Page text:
These selected essays bring us once again the somewhat neglected contrarian voice of Jean Genet (1910-1986) including the title essay which is his provocative polemic against liberal or righteous consensus about the nature of juvenile criminality.
Your reviewer believes that Jean Genet liked to be cussedly contrarian for effect. Sure, he meant what he wrote in the interstices of his soul, but he also wanted to shock and provoke the French liberal cohort.
He made people uncomfortable, influential people like the authorities at Radioffusion France. He made them uncomfortable, not so much by taunting them – he did that too - as by actually turning the tables.
Were he around today, a radio or TV producer in dire need of someone to defend a simplistic view in one of those head- to-head two-hander discussions would best leave him alone.
Radioffusion France would be the salutary example. That august broadcasting body once commissioned the adopted darling of Sartre and de Beauvoir to write about his experience as juvenile delinquent. The broadcaster expected, and no doubt required for their own purposes, a passionate diatribe against the reformatories he was incarcerated in as a young boy. These were cruel and sinister institutions which, in large part fostered no 'reform' of any appreciable kind, very probably its opposite in most cases.
Au contraire to the expectations of Radioffusion France, the novelist and playwright handed over a subtly-nuanced praise piece for the prison experience. His argument was that young criminals want to be known as that, they want to own what they did and endure the imposed punishment with tacit acceptance. The youths do not want cosy euphemisms used to describe them or make them feel less bad. It reminds this former teacher of the fashion in the 1980s of calling the poorest class 2a to make them feel special in the academic ranking.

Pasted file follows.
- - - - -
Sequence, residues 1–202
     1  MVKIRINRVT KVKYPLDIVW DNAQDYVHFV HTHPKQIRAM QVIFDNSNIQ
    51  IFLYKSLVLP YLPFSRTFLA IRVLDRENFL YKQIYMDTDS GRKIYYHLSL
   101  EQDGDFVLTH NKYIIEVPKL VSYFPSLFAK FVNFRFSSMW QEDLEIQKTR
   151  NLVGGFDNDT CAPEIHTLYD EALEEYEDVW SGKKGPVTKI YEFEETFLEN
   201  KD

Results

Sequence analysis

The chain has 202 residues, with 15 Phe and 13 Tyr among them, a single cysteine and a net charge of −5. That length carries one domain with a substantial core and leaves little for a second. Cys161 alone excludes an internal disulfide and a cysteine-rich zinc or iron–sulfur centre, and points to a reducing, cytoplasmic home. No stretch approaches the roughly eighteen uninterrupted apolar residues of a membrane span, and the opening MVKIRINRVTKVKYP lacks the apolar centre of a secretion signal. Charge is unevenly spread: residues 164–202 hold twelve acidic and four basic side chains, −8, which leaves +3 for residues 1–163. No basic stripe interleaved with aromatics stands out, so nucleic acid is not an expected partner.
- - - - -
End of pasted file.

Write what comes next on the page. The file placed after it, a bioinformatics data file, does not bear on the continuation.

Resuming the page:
That never worked, those young lads were smarter than the school system imagined they were, they saw through the ruse and, worse, it may have prejudiced their attitude to teaching staff and indeed to class-work. The Genet argument, as outlined here, is not much different.
Also included in the collection is a short, perceptive piece on the writer and film-maker Jean Cocteau, along with a 33-page account of his visits to the studio of his friend, the sculptor and artist, Alberto Giacometti. I doubt if anyone else has ever quite got to grips with such commitment and understanding to the work of Giacometti.
Jean Genet really approached his favoured works of art with such eagerness to "know" them in their intrinsic essence and to present the sculptor’s tolerant, benign view of what constituted beauty in humanity.
For the title essay and the Giacometti appreciation particularly, these provocative Genet pieces are certainly worth investigating.